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  • Aug 21, 2014
  • Updated: 5:48am
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History made as barrister Louie Mui is jailed for illegal deals with clients

History made as archaic offence of champerty is used to convict man who made illegal deals with clients to gain HK$1.6m from damages

PUBLISHED : Wednesday, 27 March, 2013, 12:00am
UPDATED : Wednesday, 27 March, 2013, 5:45am

A barrister was sentenced to 3½ years' jail yesterday for what a judge said were "obnoxious" deals to buy into his clients' lawsuits and gain more than HK$1.6 million from their damages payments.

Louie Mui Kwok-keung, 53, made Hong Kong history by becoming the first barrister convicted of the archaic common-law offence known as champerty - the act of one striking an illegal deal with a party in a lawsuit to obtain a share of its proceeds.

The five offences took place between 1999 and 2008, when he persuaded five clients to pay him 25 to 30 per cent of the damages they would receive if they won their claims, or had their cases settled out of court.

District Court Judge Amanda Woodcock said in her ruling: "As a barrister, the defendant's conduct posed a genuine risk to court process." She said that his act amounted to "exploitation" of the laymen involved who had no legal knowledge.

As a barrister, the defendant's conduct posed a genuine risk to court process
District Court Judge Amanda Woodcock

"They paid what they thought was the legal fee," she said.

Woodcock ordered Mui to repay a total of HK$1.5 million to four of his clients by August, saying she was sure that they were not aware of the illegality of the agreements.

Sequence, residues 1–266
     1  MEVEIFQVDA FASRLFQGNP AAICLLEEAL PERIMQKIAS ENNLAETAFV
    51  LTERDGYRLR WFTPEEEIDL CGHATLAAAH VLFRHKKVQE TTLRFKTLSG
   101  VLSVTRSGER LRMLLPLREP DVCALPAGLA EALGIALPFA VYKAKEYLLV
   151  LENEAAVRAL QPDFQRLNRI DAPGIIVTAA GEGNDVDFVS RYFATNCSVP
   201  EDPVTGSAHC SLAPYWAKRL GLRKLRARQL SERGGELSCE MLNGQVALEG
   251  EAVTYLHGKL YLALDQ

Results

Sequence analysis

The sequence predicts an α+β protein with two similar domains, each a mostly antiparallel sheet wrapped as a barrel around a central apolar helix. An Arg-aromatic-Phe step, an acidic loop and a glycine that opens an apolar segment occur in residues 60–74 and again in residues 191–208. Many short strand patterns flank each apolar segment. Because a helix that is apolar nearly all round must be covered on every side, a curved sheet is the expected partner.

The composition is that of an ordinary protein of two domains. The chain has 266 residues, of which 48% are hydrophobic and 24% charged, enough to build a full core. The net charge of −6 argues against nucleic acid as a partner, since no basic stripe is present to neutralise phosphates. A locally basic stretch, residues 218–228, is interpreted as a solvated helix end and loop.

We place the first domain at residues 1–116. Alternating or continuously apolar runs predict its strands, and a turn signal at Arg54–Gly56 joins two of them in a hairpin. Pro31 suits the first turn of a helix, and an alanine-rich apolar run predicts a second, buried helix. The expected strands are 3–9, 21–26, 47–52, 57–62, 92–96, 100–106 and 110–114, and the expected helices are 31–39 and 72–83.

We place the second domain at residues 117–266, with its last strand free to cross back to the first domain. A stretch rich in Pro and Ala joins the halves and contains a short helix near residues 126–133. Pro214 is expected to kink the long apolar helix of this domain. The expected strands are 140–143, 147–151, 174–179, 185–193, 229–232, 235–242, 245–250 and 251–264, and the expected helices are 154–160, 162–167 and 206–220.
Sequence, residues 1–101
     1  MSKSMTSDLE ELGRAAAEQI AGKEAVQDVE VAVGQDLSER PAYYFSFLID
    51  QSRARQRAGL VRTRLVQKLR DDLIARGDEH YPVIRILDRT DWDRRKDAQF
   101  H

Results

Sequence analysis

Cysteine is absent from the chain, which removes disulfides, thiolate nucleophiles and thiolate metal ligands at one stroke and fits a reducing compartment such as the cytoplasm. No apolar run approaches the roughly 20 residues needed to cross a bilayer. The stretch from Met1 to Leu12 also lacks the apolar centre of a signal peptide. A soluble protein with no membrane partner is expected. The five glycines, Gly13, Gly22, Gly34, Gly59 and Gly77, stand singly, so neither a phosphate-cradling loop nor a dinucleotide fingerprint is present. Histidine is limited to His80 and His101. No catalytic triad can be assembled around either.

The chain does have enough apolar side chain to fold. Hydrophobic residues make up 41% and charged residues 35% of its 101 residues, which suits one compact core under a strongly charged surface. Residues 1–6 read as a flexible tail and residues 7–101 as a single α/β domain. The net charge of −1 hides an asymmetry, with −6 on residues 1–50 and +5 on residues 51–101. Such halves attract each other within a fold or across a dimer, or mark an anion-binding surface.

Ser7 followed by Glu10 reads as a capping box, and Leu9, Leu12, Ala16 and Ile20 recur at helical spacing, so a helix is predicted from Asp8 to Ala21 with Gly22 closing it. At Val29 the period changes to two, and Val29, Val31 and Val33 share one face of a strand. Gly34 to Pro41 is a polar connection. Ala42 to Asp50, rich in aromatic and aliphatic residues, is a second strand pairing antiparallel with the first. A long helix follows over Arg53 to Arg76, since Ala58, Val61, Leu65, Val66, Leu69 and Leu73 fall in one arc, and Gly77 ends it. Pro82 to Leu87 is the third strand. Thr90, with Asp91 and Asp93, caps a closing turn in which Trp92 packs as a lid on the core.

She said that the agreements were "pure champerty" and "in a more obnoxious form", because Mui had skirted stated procedures and initially dealt directly with all the five clients without involving a solicitor.

By lending money to some of the worse-off clients Mui, who was called to the bar in 1994, had "kept them sweet and on board", which Woodcock found to be an aggravating factor.

Hong Kong is a rare jurisdiction in retaining champerty as a criminal offence.

But Woodcock, rejecting a mitigation argument, said: "The fact that [champerty] is … no longer an offence in other jurisdictions is not a factor that would attract leniency."

The prosecution said it had found only one available precedent after it had "gone through the whole world", that of local solicitor Winnie Lo Wai-yan, who was given a 15-month sentence on champerty and maintenance.

Her conviction was quashed in the Court of Final Appeal last year.

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Giwaffe
It is interesting to note that champerty is described as archaic because that is exactly what it is--antiquated, outdated, and long due for elimination. That it survives to this day as a crime in Hong Kong law--a rare jurisdiction in retaining champerty as a criminal offence--is a glaring signal of just how primitive, how backward, and how Stone Age-like this metropolis of international finance truly is. Let not the glitter of lights and neon signage by night or the reflections of tall glass skyscrapers by day deceive you--all is marketing. In the deep core there remains a most pressing need for extensive renewal.
Those who argue against champerty may perhaps cite the prevention of frivolous litigation and the existence of legal aid. There may be two issues with this: 1) the supply and demand issues of legal aid and; 2) legal aid is provided from the public purse. Champerty, usually in the form of contingent fee arrangements, can be combined with appropriate legal ethics and regulation to enable victims to sue and in a timely manner where they may not otherwise be able to afford. An added bonus is it involves the private sector which is relatively consistent with free market principles. Finally, it can provide another avenue to redress for individual citizens against those with deeper pockets.
 
 
 
 
 

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